Belgium’s King Philippe and all party presidents will get tested for coronavirus
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    Belgium’s King Philippe and all party presidents will get tested for coronavirus

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    All Belgian party presidents and King Philippe are set to get a coronavirus test after one of two royal appointees negotiating for a new federal government tested positive for the virus on Tuesday.

    The Flemish liberal party Open Vld said on Tuesday that its president, royal appointee Egbert Lachaert had tested positive for the new coronavirus.

    As one of two party leaders appointed by King Philippe to lead talks with a view of forming a new federal government, Lachaert has been in contact with top party officials as well as with the Belgian monarch.

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    Open Vld spokesperson Thomas Vanwing confirmed reports that all party leaders would be getting a coronavirus test and that work would continue via video conference for the time being.

    “All presidents and their collaborators will be tested,” Vanwing said in a text message, adding: “Everybody will respect the quarantine rules.”

    A spokesperson for the royal palace also confirmed that King Philippe had been tested, and said that as of Wednesday morning his results were not known yet.

    The spokesperson also said that, during the royal meetings held with the government formation appointees, all social distancing recommendations and health guidelines had been followed.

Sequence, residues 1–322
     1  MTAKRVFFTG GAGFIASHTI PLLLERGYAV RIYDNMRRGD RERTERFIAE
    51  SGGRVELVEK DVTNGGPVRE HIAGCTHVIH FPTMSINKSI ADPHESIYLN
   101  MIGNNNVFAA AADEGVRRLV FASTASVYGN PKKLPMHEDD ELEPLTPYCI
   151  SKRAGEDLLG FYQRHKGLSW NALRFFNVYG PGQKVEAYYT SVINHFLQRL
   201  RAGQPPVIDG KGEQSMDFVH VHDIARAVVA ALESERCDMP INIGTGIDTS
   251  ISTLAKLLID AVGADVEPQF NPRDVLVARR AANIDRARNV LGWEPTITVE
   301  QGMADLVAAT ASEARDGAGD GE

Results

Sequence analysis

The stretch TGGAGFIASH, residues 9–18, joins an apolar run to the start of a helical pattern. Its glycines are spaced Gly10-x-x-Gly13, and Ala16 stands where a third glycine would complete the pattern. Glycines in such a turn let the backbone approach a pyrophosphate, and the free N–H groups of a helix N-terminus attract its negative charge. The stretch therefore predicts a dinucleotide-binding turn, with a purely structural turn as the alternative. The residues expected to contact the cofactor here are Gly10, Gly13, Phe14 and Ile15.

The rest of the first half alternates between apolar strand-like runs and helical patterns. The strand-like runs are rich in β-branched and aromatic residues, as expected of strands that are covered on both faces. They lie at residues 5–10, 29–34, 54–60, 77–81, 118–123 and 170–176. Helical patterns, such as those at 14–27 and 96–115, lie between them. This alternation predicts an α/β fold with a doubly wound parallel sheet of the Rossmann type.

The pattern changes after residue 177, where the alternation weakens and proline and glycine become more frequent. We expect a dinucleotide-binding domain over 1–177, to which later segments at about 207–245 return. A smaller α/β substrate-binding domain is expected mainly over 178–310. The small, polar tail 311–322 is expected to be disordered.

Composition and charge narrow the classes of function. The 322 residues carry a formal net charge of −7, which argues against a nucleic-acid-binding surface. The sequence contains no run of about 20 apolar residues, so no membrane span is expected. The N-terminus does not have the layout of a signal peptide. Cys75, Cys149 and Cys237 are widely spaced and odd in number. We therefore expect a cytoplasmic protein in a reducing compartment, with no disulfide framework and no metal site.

Any potential tests of other members of the Belgian royal family would be dependent on the results of the king, the spokesperson added.

    Moments after the party announced Lachaert’s test results, fellow royal appointee Conner Rousseau rushed to publicly announce he had been tested and was negative, both via Twitter as well as with a video statement shared via public broadcaster VRT.

    While Rousseau said on Twitter that he planned to be retested by the end of the week, he also said that “in the meantime,” he could continue working as usual, “with all the precautions,” prompting a response from health institute Sciensano’s Steven Van Gucht, who reminded him that a test taken to soon could be inaccurate.

    “In the first days, the virus cannot be detected in the body,” Van Gucht told health publication Le Specialiste. “This is why we insist that a negative test cannot replace a quarantine.”

    News that Lachaert is positive for coronavirus comes at a crucial time during the protracted talks to give Belgians a new federal government, and risk stalling efforts by parties to finally clinch a coalition deal ahead of 17 September deadline, when the current government’s special powers are set to expire.

    Gabriela Galindo
    The Brussels Times